certain that the tag was still attached to the manatee; the 12-hr activity sensor typically reported
zero tips after detachment. A hypothetical example will illustrate the process: turn-on time for
the PTT duty cycle was 0700 hr; tag was recovered at 1600 hr, 10 Jan.; Argos data indicated
zero tips on the long-term activity counter since 1930 hr, 8 Jan.; a moderate long-term tip count
was reported for two prior locations on 8 Jan. (0800 and 1400 hr) but it is important to realize
that this indication of activity refers to the previous 12-hr reporting period (1900 hr, 7 Jan. to
0700 hr, 8 Jan.); and accessory information (i.e., short-term activity count, movement distances)
are then used, when possible, to estimate the time window within this 12-hr period in which
detachment occurred. Estimates are conservative to minimize the likelihood of locations from
detached PTTs being included in the database; records from detached PTTs were then purged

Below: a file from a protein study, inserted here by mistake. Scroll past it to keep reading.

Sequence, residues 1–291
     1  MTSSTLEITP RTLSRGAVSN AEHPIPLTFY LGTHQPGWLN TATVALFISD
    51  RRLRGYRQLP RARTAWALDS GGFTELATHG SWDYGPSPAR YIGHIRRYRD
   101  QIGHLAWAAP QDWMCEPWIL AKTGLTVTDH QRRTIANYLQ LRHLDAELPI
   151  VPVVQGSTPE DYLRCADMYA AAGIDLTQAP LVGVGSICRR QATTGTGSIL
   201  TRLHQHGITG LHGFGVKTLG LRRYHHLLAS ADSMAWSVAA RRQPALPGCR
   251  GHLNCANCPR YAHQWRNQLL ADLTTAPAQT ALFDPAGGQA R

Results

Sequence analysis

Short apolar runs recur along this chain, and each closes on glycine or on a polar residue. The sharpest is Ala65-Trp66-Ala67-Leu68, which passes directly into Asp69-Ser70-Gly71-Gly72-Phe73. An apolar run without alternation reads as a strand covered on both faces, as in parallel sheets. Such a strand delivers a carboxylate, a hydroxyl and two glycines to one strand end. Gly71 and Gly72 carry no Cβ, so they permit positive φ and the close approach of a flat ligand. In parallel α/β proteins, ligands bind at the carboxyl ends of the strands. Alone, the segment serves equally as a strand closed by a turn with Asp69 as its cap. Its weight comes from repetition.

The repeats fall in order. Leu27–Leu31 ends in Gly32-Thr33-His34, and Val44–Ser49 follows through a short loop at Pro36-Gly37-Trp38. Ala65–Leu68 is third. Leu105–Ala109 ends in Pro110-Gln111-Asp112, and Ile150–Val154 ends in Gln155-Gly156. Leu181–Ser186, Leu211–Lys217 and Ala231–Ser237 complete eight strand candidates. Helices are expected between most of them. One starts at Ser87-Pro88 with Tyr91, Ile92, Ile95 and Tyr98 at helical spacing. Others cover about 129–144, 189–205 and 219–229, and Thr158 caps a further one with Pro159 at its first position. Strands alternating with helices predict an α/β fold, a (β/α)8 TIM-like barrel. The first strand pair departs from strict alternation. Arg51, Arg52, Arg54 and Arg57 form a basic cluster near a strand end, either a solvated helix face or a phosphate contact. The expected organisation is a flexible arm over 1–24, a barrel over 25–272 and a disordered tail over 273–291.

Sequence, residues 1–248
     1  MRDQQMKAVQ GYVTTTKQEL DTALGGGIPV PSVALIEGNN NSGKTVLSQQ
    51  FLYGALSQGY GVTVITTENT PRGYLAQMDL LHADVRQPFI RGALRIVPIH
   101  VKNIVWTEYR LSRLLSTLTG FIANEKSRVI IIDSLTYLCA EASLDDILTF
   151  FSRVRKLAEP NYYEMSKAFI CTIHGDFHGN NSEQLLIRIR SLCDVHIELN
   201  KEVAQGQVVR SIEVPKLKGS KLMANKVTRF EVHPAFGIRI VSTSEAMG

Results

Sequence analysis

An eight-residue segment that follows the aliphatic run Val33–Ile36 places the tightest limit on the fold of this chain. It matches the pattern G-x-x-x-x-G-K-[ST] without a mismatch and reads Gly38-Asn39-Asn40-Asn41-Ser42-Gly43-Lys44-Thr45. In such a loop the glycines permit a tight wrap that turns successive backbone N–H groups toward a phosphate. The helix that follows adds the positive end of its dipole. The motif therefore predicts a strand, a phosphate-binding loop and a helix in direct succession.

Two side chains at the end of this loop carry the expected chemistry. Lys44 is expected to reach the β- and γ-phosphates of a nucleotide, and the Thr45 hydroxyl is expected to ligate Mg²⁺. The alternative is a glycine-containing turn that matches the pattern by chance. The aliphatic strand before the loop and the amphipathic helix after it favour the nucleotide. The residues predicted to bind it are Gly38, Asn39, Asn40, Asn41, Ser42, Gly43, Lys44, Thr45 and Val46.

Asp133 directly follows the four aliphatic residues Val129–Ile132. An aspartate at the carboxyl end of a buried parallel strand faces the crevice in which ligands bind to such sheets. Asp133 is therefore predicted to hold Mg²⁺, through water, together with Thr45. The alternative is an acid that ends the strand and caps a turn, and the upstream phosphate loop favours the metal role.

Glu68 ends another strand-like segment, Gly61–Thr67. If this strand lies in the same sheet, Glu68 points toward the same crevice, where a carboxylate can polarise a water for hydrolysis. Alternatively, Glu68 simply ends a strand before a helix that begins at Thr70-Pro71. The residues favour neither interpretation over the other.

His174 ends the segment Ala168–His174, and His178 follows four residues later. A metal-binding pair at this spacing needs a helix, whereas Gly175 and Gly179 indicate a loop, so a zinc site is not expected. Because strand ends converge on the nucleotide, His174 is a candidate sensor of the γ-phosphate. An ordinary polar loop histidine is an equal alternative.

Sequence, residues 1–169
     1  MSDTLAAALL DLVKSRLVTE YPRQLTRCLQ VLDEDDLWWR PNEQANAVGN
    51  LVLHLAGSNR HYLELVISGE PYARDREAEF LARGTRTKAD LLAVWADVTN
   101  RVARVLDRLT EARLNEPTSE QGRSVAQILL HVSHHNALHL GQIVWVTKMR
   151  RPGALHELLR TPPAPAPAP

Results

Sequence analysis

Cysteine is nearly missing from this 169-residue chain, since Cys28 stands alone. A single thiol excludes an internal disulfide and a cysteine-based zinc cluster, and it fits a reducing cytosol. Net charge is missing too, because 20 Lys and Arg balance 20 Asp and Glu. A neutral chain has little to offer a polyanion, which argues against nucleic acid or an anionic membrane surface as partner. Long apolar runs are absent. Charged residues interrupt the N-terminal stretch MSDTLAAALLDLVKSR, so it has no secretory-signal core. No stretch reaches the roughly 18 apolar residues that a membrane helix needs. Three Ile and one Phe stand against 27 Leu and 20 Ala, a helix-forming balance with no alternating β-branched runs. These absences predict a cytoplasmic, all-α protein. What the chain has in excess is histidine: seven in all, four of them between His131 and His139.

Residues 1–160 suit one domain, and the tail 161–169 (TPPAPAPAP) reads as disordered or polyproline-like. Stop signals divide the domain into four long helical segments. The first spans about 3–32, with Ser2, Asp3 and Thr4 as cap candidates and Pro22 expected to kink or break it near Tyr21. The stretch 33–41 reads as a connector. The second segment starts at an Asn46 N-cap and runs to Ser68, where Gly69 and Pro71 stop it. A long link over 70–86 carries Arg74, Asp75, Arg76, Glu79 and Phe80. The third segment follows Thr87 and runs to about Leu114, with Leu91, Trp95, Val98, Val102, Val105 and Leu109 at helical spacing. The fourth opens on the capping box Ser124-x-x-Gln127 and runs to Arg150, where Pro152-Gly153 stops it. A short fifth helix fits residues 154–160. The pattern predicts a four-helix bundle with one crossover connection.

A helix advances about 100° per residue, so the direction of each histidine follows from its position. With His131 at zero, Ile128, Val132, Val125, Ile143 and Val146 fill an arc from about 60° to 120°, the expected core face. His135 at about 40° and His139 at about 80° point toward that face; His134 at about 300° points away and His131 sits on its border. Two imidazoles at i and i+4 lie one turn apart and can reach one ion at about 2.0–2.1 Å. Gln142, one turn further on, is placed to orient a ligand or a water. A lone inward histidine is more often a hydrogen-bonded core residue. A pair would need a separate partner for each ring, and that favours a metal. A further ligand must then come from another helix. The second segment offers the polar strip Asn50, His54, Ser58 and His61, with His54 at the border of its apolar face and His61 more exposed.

from the PTT database. This process could not be employed for VHF tags and so some of the
deployment durations are likely to be slightly inflated; however, this does not affect the validity
of data in the VHF telemetry database, which is not dependent on the tagging history lookup
table.

The tagging history lookup table is now updated and verified through 31 May 1996. The
following changes were also made to this database: (a) The animal identification field has been
changed from the old 'S-#'s (originally used to differentiate satellite-monitored individuals from
those with only VHF tags, which were denoted with 'T-#'s) to 'T-#'s for all records. (b) PTTs


15


_I~l~s_ ~









used in the locational accuracy tests are denoted by a leading 'X' in the identification field; this
includes tags deployed on captive animals in the acclimation pens along the NASA causeway.
(c) Animals tagged by the FDEP (formerly FDNR) on Florida's West coast (term code = '88')
were removed from the database.

The tagging history database provides a great deal of information on the tagging
program. Each record represents one tagging event or one "take," as defined by the Marine
Mammal Protection and Endangered Species Acts, and each tag deployment is referred to as a
"tagging bout." Through May 1996, there have been 430 successful tagging or retagging events
(n = 188 for VHF, n = 242 for PTT) on the Atlantic coast (excluding the upper St. John's River),